County jails have become de facto mental heath treatment centers, not just in Houston or Texas but throughout the United States. Diversion programs for the mentally ill rank among the most cost effective reforms counties can undertake because failure to confront the problem with preventive steps necessitates treating them in jail - particularly for those who've been in and out of the jail over and over. Given that Harris County already spends $80,000 per year per person who goes through their jail and emergency room psych wards, a LOT of community based services could be provided for a similar amount of money.


Anonymous said...

I selected a group of jail inmates that had been booked three or more times in a year and tried to figure out what they had in common.

What they have in common is they don't do anything serious enough to attract the attention of the county attorney. Their mean time between returns to jail is about 60 days and that is too long for the jail staff to think they are a serious problem that should be dealt with.

Their crime profiles are similar to those you described in your post. They are responsible for a substantial fraction of the bookings so they generate significant ordinary costs and when you add the costs of the drugs they use they are very expensive prisoners that deserve attention for no other reason than cost control.

I live in a community that does not want mentally ill persons in jail but they are still there (not as many as before we started a MH diversion program). As you noted as soon as they leave jail many of them stop taking their medication and sooner or later they return to jail. To break this cycle we may have to violate their civil rights.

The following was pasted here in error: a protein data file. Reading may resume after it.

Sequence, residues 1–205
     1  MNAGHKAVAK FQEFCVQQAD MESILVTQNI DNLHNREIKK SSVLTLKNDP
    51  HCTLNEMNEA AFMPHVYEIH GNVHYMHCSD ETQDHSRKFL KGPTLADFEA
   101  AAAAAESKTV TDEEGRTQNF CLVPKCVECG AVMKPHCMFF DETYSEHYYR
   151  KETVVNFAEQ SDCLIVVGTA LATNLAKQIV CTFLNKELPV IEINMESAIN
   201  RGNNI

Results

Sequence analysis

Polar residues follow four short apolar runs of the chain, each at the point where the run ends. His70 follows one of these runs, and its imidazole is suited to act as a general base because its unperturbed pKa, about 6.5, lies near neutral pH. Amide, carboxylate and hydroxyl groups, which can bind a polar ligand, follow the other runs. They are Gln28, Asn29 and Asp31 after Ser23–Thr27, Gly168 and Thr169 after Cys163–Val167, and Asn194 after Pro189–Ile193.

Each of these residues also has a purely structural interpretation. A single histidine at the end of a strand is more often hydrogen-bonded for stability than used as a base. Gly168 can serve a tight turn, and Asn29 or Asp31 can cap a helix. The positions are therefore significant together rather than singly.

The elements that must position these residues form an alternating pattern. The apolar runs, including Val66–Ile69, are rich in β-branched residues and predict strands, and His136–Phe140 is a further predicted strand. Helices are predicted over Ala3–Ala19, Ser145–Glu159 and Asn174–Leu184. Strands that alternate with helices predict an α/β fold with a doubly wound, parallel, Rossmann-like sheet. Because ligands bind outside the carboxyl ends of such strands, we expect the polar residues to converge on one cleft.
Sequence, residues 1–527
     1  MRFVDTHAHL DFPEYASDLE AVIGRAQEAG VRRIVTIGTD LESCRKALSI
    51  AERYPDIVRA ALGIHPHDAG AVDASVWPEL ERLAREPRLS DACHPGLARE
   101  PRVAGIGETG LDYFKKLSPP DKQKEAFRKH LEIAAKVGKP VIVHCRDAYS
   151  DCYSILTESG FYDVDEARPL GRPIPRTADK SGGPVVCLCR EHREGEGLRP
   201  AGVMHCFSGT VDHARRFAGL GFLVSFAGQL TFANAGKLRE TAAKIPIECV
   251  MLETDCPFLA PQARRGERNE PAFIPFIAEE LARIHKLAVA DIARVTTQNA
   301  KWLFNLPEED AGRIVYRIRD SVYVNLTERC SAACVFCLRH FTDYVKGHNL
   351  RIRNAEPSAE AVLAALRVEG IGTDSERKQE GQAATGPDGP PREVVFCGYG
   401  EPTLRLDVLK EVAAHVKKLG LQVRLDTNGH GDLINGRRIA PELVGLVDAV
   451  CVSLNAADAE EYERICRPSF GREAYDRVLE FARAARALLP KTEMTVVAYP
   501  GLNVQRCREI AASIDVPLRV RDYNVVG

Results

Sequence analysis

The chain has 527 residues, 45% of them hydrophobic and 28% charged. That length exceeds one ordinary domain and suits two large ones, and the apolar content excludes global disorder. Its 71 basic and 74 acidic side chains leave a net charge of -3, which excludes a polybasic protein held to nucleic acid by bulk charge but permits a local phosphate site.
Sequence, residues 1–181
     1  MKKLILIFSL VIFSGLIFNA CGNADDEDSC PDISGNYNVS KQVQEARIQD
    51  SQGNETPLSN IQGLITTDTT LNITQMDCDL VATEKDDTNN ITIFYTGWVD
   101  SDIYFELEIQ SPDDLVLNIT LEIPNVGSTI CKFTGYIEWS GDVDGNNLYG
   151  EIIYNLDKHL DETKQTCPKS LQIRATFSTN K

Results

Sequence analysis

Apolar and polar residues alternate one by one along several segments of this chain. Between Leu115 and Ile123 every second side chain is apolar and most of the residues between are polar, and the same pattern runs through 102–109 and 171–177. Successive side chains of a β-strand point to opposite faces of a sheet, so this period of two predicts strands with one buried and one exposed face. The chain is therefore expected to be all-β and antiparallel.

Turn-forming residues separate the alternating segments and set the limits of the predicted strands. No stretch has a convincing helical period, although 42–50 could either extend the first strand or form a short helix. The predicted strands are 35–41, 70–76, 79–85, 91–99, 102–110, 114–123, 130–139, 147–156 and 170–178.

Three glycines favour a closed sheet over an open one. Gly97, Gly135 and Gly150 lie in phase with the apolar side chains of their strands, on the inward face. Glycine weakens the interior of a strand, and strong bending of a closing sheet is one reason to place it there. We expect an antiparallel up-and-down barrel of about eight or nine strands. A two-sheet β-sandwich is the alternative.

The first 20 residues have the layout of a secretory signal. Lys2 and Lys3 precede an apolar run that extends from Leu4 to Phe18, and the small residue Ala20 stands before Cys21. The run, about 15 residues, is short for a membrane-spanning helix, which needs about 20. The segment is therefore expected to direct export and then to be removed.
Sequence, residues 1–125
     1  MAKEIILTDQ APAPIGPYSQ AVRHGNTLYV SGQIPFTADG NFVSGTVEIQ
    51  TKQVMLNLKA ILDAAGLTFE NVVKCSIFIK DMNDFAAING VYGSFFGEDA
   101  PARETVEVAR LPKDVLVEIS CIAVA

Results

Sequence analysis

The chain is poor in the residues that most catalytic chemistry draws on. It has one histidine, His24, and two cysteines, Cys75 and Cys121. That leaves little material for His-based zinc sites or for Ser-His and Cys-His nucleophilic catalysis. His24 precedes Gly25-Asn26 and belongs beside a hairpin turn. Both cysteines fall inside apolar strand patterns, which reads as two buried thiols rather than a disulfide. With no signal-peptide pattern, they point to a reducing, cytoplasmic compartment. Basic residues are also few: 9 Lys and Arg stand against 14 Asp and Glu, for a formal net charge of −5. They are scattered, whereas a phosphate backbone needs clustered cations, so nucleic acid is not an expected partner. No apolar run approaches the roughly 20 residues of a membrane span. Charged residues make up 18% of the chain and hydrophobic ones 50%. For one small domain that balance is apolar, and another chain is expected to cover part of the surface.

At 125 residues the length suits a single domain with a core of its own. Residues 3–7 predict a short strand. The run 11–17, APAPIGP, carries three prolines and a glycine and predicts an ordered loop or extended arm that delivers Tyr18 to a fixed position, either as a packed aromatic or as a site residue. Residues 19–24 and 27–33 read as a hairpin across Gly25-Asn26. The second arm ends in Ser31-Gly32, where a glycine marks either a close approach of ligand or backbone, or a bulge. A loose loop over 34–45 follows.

Anonymous said...

I will just add that in my experience, juvenile detention facilities experience the exact same problems as the number of mentally ill kids increases year after year. Getting MHMR intervention depends on where you live. The problem is growing fast year after year.


Anonymous said...

Grits: I have been told for years by reliable sources that much of the blame for our having to use jails for mental health treatment can be directly traced back to Reagan who, while Governor of California, closed many of that State's mental health facilities, dumping those patients out on the streets to subsequently become the problem of law enforcement and the criminal justice system. Then, when he became President, Reagan oversaw the reduction of federal mental health funding, resulting in other states being forced to do what California had done.

It is much more expensive to deal with this problem in the jails rather in the hospitals. MH diversion programs, just like substance abuse diversion programs, DO work and should be increased. Treatment at the source is much more efficient. It's a classic "You can pay me now or payme later" scenario.

Anonymous said...

vnnlamxlYes... Something needs to be done. Last week(Wednesday) we had a young man die in the Potter County jail following a scuffle and subsequent arrest at the probation office. No doubt he had a mental health issue. The situation was totally mishandled. They found him dead in his jail cell the following Saturday.Probation officers should be trained or at least stay in close contact with a TCOOMMI officer when dealing with offenders with mental health issues.The actual cause of death is not known at this point. Attorney Jeff Blackburn, is ordering an independent autopsy.